With ownership having set a direction, Memphis’ front office had a quality summer, prying Kyle Anderson out of San Antonio as a restricted free agent, plus adding solid veterans who can help like Garrett Temple, Omri Casspi, and Shelvin Mack. Last season, when the injury bug hit the Grizzlies hard — Conley only played 12 games — the lack of quality depth they could trust became the team’s downfall. This season, they have veterans who coach J.B. Bickerstaff can trust in a pinch.
In trying to predict this season’s Grizzlies, you learn little from last year’s team — they were 7-5 when both Conley and Gasol played, but that’s such a small sample size it’s near meaningless. However, the record in those dozen games fits with the previous 43-win season where Conley and Gasol played 63 games together. This season, 43 wins is not going to be enough to make the postseason in the West, but with a better bench they believe they will beat that number. Pera said there is no reason this can’t be a 50-win team.
Um… the rest of us see those reasons. But the Grizzlies can make the playoffs…
• If Conley and Gasol are both healthy and can play at least 65 games together, ideally more. They did that in 2014-15 (70 games) but in the three years since have averaged 40.3 together per season. While the talent around them is better, these are still the two best players on the team and they need both of them together to be a threat in the deep West.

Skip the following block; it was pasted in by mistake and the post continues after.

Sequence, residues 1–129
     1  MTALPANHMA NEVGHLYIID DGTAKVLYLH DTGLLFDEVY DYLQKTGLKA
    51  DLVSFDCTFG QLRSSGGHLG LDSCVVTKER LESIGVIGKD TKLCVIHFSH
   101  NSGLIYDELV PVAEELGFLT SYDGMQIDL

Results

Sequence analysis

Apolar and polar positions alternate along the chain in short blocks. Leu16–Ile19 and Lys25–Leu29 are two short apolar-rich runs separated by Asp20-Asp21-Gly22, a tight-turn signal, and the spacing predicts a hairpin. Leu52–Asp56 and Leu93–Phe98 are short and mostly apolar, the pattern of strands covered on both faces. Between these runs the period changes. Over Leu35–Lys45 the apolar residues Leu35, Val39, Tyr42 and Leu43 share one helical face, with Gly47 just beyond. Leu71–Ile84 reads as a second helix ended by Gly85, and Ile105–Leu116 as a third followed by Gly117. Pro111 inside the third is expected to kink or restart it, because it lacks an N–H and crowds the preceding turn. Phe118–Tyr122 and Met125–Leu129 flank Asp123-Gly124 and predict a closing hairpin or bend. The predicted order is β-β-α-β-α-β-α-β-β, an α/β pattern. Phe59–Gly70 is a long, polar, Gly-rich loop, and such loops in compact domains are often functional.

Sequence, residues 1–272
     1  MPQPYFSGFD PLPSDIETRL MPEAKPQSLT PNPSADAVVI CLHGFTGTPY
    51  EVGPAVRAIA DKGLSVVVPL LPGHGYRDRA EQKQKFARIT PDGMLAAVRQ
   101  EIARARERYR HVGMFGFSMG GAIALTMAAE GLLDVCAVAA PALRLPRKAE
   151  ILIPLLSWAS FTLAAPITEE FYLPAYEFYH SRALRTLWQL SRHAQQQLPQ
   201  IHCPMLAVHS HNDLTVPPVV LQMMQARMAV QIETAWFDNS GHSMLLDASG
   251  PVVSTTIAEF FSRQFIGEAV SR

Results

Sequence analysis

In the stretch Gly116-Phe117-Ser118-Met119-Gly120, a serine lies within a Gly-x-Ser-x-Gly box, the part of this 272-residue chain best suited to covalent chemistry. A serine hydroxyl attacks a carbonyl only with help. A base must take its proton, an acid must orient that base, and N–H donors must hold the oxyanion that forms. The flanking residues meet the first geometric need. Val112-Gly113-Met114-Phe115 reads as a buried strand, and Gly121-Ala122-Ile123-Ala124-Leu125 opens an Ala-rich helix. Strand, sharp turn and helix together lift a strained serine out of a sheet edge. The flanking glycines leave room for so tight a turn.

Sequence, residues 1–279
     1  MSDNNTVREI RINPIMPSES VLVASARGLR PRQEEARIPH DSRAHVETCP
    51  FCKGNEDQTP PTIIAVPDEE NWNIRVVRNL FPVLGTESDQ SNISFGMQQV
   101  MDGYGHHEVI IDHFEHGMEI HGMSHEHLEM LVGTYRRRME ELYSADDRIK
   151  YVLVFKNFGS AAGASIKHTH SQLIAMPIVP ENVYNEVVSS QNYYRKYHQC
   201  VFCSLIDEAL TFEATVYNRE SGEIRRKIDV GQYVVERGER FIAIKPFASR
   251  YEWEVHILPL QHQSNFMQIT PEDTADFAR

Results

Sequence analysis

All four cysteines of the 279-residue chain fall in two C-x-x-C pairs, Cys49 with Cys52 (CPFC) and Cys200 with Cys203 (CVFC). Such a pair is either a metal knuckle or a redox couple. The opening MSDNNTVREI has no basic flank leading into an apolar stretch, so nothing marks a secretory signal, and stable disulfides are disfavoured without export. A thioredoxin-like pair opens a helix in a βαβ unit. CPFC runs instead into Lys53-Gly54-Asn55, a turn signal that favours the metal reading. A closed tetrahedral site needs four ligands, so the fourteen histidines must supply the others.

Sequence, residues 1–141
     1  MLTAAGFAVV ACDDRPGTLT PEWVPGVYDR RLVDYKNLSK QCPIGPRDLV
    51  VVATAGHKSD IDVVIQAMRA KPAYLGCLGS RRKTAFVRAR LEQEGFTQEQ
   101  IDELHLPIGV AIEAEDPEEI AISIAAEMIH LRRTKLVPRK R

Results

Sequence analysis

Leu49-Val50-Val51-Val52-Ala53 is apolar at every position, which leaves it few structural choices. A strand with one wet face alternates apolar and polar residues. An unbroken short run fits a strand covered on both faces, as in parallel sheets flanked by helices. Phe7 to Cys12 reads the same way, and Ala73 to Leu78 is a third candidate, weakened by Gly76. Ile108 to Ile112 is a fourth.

• If they get some depth and help out of Chandler Parsons, who played 36 games last season, and that was better than the one before. Parsons wasn’t bad when he was on the court last season, he could contribute in the rotation, but he has to be healthy enough to do that.
• If the Grizzlies can get back to being an above average defensive team. The era of Gasol as Defensive Player of the Year is long gone but he can still be — and needs to be — a quality presence in the paint (with Jackson blocking shots). Mike Conley needs to return to form as one of the better defensive point guards in the NBA. With Gasol, Jackson, Anderson, and JaMychal Green the Grizzlies have the length inside to be a problem. The pieces are there to be good, but can this group execute in the halfcourt?
• If rookie Jaren Jackson can contribute, particularly defensively, starting this season. Jackson was one of the best players I saw at Summer League this year (particularly in Salt Lake City, by the time he got to Vegas and had played five games in seven days he was looking a little tired). He can be a defensive/shot blocking force right away, and his offensive game shows promise.
• If Kyle Anderson can work as a secondary shot creator. The question isn’t “can Anderson make some plays” because we know he can, we saw him as a good ball handler in San Antonio, a guy who averaged 1.01 points per possession as the pick-and-roll ball handler once you include passes (stat via Synergy Sports). While he has a nice enough spot-up jumper, he needs the ball in his hands, playing his slo-mo game, to be effective. Bickerstaff has to fit that into the offense.